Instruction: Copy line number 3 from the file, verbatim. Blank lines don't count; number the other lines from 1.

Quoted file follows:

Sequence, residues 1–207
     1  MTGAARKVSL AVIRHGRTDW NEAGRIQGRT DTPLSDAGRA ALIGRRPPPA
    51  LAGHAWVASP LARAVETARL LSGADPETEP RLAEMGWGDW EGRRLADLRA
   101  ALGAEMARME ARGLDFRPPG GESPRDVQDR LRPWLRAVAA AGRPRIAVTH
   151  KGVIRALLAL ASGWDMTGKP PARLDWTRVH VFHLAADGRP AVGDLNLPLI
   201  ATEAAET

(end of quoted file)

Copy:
    51  LAGHAWVASP LARAVETARL LSGADPETEP RLAEMGWGDW EGRRLADLRA